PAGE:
That’s a good question- hard to answer. When photographing FESTAC, I felt the excitement of meeting people from all over the continent of Africa, from all over the world. If in some way I could ignite someone else to feel that interest and that excitement and that joy, that would be something! In my photographs you’ll see a lot of joy – the joy of meeting someone, of being somewhere. I want people to experience that joy. Can you experience joy from looking at a photograph? What work could this collection of images do for people, moving forward? And, how can I profit from the investment that I’ve made over 40 years?
People don’t get to connect with others. They’re afraid of going out in the world, leaving their preconceptions, their rooms, their homes, leaving their neighborhood, leaving their city, leaving their country, leaving their continent. They believe that they have to stay home and watch TV. It’s ok to GO. If, instead of rattling our chains and grumbling, we get up and move, we might see something different. This is a world of abundance and joy. We’ve got to shake loose our chains; we’ve got to be free!
Forty years after FESTAC, with the importance of the Black Lives Matter movement and major popular artists like Beyoncé reclaiming the heritage of the Black Panthers, do you notice a genuine revival of the African connection in the African-American community?
In popular culture, Blackness has been branded. The collectivity that existed in the late 1970s and the 1980s has been branded as “Black Panther” or “Activist”. Blackness is commercialized today. Do people still believe in collectivity??? I don’t know. I’m “old school”; I’ve got a frame of reference from the Civil Rights Movement, a frame of reference from the Black Arts Movement, and every day I practice Ujima, one of the fundamental principles of Kwanzaa which means “collective work and responsibility”.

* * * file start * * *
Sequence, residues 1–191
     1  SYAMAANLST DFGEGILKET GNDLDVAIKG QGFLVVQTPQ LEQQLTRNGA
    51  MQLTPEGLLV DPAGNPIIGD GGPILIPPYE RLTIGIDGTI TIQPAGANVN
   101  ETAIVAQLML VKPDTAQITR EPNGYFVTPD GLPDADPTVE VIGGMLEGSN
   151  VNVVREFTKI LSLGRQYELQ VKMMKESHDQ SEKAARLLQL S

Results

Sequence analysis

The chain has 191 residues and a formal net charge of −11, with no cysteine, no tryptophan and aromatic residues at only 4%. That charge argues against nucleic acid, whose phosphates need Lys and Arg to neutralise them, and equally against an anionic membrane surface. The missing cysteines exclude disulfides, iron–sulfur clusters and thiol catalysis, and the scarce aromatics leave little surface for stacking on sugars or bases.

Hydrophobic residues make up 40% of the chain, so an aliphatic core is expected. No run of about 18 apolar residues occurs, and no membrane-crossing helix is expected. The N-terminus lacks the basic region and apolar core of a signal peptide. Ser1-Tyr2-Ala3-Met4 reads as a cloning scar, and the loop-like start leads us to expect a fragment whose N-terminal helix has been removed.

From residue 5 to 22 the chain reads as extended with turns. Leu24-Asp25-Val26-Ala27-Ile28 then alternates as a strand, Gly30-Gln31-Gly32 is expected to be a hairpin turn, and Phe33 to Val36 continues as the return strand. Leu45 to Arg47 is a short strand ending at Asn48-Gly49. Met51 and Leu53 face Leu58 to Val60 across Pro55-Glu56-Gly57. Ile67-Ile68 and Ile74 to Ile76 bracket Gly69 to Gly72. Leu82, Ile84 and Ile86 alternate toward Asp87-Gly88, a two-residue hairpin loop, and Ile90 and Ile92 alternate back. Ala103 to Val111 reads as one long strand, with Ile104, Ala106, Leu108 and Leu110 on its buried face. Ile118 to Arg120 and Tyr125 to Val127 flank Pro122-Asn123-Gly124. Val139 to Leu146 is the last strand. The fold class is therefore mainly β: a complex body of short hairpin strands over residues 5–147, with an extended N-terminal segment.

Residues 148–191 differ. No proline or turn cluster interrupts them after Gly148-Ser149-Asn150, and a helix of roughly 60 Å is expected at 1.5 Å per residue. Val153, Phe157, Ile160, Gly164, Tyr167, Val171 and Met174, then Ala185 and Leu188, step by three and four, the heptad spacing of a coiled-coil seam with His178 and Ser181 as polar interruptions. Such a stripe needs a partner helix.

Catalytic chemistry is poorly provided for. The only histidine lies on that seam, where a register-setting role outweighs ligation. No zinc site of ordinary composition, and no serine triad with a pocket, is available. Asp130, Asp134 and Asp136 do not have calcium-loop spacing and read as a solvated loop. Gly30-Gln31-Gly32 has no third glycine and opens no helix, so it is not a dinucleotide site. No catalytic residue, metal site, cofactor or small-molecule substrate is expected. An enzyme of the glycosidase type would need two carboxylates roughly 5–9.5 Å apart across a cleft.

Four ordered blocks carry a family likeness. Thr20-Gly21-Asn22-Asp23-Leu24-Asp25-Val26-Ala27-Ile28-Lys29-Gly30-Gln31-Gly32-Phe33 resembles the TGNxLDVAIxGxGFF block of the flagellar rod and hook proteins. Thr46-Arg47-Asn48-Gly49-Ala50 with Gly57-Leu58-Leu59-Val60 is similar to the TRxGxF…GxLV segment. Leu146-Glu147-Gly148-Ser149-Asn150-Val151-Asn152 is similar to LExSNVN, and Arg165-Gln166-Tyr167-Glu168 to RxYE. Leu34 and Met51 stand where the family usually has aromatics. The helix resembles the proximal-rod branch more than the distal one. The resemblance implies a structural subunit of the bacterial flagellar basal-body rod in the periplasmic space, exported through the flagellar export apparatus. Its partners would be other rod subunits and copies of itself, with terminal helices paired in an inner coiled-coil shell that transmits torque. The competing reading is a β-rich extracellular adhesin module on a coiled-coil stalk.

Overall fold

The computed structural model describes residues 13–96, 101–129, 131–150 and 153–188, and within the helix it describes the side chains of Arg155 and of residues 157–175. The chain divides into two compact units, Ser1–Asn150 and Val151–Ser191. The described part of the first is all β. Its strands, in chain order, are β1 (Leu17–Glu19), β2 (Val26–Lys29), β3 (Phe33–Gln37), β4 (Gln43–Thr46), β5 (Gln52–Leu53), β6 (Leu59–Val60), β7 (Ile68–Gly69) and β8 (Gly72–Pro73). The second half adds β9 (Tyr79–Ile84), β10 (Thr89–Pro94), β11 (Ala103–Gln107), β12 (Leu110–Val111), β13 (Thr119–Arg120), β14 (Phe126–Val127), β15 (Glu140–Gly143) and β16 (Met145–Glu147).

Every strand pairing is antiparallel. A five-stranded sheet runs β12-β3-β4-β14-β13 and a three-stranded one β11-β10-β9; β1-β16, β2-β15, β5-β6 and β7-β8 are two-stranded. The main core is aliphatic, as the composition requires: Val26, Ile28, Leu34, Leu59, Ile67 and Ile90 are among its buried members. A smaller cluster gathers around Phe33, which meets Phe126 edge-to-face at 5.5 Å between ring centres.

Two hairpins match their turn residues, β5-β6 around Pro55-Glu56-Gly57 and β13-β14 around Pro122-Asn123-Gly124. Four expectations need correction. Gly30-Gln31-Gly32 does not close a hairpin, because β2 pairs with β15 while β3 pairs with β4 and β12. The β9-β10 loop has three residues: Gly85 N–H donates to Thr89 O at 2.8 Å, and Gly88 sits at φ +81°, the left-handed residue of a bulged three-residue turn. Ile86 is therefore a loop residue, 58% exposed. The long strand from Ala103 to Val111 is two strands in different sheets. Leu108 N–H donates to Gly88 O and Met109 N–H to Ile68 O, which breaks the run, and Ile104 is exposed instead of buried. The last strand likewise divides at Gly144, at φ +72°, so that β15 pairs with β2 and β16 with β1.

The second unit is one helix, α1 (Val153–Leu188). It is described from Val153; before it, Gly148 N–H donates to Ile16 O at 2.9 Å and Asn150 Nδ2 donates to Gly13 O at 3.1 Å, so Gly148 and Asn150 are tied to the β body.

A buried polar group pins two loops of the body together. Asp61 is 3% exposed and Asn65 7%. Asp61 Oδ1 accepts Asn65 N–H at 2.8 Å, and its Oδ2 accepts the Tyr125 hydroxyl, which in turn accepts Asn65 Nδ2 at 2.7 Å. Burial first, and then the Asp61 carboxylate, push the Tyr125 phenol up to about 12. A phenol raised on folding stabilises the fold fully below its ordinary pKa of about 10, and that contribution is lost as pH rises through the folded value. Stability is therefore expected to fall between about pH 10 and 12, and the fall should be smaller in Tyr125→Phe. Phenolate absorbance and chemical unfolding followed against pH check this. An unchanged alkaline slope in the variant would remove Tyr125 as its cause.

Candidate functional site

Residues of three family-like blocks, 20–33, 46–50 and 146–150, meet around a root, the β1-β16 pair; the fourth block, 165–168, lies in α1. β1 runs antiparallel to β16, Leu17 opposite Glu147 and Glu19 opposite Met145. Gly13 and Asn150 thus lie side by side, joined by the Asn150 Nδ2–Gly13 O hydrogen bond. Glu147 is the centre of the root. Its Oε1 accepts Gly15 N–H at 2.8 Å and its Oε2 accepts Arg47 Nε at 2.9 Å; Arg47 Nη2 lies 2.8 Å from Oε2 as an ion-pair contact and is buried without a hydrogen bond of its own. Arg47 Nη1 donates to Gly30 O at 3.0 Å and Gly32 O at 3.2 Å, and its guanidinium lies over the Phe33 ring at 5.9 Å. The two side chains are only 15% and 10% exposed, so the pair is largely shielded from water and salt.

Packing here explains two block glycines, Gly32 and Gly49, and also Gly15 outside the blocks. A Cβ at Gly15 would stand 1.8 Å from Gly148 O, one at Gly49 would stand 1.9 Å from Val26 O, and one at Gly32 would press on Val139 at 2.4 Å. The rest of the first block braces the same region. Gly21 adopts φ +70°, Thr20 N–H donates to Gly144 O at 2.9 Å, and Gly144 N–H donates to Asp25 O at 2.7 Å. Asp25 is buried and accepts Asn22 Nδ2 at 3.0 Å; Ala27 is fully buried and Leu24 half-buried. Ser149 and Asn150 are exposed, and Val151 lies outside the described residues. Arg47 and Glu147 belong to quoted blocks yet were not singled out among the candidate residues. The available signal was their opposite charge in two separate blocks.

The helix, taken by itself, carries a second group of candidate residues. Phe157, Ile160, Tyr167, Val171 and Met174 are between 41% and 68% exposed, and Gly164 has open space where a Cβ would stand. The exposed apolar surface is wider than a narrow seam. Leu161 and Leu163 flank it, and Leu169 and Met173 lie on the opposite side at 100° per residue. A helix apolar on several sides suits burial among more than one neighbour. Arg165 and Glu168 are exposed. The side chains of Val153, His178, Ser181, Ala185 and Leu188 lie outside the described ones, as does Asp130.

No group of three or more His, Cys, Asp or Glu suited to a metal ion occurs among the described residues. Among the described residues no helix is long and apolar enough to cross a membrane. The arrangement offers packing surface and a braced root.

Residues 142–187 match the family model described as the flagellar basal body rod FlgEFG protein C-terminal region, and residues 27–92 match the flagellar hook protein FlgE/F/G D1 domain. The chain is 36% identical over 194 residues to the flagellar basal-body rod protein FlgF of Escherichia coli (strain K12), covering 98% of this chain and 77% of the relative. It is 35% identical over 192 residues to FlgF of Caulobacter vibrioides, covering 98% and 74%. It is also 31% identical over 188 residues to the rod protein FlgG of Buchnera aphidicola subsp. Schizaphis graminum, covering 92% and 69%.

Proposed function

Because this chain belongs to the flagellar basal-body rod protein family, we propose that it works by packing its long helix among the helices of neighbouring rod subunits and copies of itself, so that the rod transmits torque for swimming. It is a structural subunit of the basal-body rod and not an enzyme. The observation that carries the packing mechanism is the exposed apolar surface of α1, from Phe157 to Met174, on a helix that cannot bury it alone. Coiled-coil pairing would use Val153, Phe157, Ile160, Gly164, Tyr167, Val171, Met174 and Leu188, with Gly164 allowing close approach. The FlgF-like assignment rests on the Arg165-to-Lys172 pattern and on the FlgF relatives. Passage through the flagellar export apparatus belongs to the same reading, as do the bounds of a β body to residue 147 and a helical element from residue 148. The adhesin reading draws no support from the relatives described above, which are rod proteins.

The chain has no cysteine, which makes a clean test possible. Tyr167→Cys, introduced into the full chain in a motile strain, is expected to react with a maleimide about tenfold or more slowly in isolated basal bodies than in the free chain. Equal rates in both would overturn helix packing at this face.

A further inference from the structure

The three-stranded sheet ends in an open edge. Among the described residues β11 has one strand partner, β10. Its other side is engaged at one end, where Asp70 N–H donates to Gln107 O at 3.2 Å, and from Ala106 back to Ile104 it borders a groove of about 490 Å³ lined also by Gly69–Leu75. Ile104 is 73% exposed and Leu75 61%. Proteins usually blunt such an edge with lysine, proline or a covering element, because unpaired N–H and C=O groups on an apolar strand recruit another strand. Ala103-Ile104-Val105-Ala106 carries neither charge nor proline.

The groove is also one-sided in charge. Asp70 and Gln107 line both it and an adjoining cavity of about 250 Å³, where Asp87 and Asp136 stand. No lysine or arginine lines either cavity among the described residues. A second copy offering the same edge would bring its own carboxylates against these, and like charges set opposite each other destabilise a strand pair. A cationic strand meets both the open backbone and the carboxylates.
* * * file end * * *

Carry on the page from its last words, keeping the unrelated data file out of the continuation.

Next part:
“The Black Struggle” has been idealized and romanticized in popular culture in way that I suspect people really don’t embrace. I don’t see a movement feeding the people and educating and organizing like in the old days. One slogan from the 1970s and 1980s was “Educate! Agitate! Organize!”. Who is doing that now??? Or is it: “How can I make money by looking black and acting black, and wearing these buttons and tshirts as opposed to, “How can I build an institution”?
There are people who are REALLY working- but their work is often hidden as the commodified activism is celebrated.
In Brazil, if you wear your hair in an Afro, it’s called “Black Power”. It’s just hair, but that’s what it’s called: “Black Power”. Here in the US; culture can look like “Black Power”, but it’s just hair, or it’s just music. Does that music, does that film, does that sculpture do any work? Does it change people? Does it move people to action? I believe that my photographs perform work. They are more than well composed pictures. They are visual medicine. I archive to insure that I can move this medicine into the future. There was a time when Africans from all over the world converged. I want it to be KNOWN that this joy HAPPENED.
Joy Matters !
///Article N° : 13958